I had the opportunity to do several projects for CRC. My first projects were all print materials. I created door hangers, flyers, postcards, and newsletter templates. They were all carefully crafted with future marketing in mind. I made sure that they were easily adaptable, updatable and that they matched the visual identity of CRC. The newsletter images below don’t look very impressive because they are stripped of content, but the actual templates had everything in place for the client. They were created with Adobe InDesign, so that all the client had to do was add article text and images in the designated areas. The formatting and text wrapping would all be taken care of by the template.
Use the arrows on either side of the image above to cycle through the seasonal newsletter templates I created.
The largest project that I worked on with CRC was their website. They had a website before I came along, but it wasn’t directed at the right audience. It was directed at doctors rather than potential study participants and it wasn’t serving them very well. It was a very simple B2B website and they required a much different B2C approach. I completely redesigned and refocused their website with their target audience in mind. This clearly paid off: we saw an immediate improvement to their homepage bounce rate in Google Analytics. (A bounce rate shows how many visitors stick around to explore your website)
Bounce Rate Reduction
The website overhaul included some powerful productivity benefits for CRC. I was able to integrate the website with the software that they used to manage their clinical trials. This involved a number of unique technical hurdles, but I was able to overcome them through research and communication with the developer of the software. We even got them to tweak some of their code for us. The redesign and software integration was a big success! It saved the company countless hours of employee labor by allowing people to sign up for clinical research trials online. (This was previously handled through phone and email)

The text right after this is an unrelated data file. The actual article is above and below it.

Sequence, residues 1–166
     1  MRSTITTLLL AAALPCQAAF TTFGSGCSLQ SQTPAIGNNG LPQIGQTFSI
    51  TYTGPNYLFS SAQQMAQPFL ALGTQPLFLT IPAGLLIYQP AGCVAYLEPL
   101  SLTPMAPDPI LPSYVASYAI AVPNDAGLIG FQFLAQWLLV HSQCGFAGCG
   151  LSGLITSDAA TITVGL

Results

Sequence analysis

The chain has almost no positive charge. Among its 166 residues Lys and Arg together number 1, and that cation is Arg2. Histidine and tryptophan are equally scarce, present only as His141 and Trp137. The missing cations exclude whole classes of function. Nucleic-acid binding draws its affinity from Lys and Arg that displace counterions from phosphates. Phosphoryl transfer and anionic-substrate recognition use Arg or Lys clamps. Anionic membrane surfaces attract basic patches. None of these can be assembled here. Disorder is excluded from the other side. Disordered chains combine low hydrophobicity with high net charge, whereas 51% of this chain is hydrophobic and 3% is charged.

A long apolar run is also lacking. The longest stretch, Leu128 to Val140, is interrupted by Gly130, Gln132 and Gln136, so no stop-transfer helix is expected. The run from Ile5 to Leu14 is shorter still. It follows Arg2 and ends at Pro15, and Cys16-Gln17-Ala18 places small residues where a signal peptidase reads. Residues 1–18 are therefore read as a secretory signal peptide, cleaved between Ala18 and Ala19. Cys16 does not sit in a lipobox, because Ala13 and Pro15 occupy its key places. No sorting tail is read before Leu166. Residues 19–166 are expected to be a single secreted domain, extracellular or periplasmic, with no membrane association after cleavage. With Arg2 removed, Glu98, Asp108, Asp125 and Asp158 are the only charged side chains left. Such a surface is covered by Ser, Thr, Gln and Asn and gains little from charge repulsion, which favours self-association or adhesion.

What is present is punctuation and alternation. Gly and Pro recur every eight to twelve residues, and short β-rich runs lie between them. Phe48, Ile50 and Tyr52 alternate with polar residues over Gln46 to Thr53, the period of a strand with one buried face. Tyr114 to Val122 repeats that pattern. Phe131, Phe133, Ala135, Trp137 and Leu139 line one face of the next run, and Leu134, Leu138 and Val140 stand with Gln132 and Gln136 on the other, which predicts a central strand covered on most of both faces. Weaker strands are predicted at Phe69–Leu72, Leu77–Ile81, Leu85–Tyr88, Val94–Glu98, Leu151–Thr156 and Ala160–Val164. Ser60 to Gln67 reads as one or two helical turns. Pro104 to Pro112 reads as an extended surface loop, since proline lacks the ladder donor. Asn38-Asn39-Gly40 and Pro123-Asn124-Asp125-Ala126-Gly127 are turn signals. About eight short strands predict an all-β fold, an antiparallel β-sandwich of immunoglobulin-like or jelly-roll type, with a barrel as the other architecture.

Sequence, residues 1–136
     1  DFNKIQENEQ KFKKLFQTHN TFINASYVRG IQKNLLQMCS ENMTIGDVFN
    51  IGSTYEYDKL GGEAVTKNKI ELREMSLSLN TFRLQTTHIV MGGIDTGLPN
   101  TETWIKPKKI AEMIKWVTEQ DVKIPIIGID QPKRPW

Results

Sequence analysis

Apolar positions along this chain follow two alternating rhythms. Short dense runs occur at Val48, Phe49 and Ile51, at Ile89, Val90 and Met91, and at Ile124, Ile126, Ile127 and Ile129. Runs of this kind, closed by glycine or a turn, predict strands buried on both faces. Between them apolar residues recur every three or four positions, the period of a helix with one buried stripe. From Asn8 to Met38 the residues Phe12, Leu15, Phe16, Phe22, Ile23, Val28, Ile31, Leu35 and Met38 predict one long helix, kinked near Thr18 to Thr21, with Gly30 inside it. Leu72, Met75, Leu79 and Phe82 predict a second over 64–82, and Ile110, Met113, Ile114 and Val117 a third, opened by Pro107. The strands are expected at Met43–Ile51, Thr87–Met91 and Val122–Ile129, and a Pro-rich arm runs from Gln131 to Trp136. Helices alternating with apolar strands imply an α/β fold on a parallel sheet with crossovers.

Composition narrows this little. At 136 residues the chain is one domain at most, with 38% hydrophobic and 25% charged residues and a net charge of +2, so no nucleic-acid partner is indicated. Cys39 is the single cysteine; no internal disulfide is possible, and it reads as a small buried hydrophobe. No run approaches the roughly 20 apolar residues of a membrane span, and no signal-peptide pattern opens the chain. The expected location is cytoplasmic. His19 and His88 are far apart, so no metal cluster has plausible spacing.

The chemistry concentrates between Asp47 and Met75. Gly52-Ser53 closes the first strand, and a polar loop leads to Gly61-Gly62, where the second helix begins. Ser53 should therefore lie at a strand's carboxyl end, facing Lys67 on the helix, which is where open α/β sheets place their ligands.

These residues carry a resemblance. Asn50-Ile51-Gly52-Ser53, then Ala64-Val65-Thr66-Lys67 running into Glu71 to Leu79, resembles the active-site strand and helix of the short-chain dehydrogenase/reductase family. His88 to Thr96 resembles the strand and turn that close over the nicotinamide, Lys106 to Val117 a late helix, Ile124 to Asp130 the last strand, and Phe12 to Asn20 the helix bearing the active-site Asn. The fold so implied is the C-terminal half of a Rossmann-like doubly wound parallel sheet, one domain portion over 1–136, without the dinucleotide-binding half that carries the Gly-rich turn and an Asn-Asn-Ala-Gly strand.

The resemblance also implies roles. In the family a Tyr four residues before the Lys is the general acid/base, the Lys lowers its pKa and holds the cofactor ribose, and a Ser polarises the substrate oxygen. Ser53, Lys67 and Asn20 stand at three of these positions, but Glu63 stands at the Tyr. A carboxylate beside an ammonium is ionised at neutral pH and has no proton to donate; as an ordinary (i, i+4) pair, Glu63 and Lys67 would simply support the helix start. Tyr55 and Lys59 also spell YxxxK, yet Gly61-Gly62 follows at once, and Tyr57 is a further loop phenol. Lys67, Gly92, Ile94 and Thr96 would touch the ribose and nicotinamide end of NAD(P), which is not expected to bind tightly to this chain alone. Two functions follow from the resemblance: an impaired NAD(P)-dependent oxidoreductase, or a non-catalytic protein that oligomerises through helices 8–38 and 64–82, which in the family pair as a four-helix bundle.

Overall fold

- Web Design 60%
- Graphic Design 30%
- Web Optimization 15%
- Email Marketing 5%
I also expanded and streamlined the sign-up process for their study notification emails. I made the opting into emails extremely easy and included opportunities to sign up all over the website. We used cutting-edge software to integrate sign-up forms on contact forms, in blog posts, on sidebars, in the footer, and in subtle pop-ups that appeared right before you left the website. (these were not common at the time) We basically put sign up opportunities everywhere we could without being obnoxious. They all dumped into one database that was used for marketing future studies via email. The strategy worked extremely well and CRC saw a huge surge in email subscribers. I also had the opportunity to create some of the content that was sent to these subscribers. I created several templates in mailchimp and consulted on their email marketing campaigns.
Finally, I continued to offer ongoing support for their website via software updates and data-driven design updates. I monitored website traffic in Google Analytics and tweaked the design to more effectively direct visitors towards signing up for studies. (the conversion goal) This included AB testing various versions of the site to discover which designs were more effective. (The data can be surprising sometimes) The result was one of the most streamlined websites I’ve ever made. The grand irony is that I don’t even have a copy of the website I made with them. CRC joined a group of similar businesses that all use the same website template. If I’m being completely honest, it looks much worse than the one that I made… and it might even be worse than the one that I replaced. Who says newer is better?
You can find a semi-functional version of the website I made on the web archive, but in my experience it is pretty buggy. The design doesn’t quite look the same and a lot of the features are missing.